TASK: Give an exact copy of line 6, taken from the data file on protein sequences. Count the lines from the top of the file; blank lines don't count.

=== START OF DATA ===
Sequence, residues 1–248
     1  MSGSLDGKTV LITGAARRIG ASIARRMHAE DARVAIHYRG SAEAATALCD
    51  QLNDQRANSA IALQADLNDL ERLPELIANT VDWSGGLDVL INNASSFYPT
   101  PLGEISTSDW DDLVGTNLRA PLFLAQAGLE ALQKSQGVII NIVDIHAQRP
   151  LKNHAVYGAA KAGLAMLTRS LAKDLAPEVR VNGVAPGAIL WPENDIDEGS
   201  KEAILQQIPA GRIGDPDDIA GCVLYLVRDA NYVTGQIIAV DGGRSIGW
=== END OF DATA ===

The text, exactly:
   201  KEAILQQIPA GRIGDPDDIA GCVLYLVRDA NYVTGQIIAV DGGRSIGW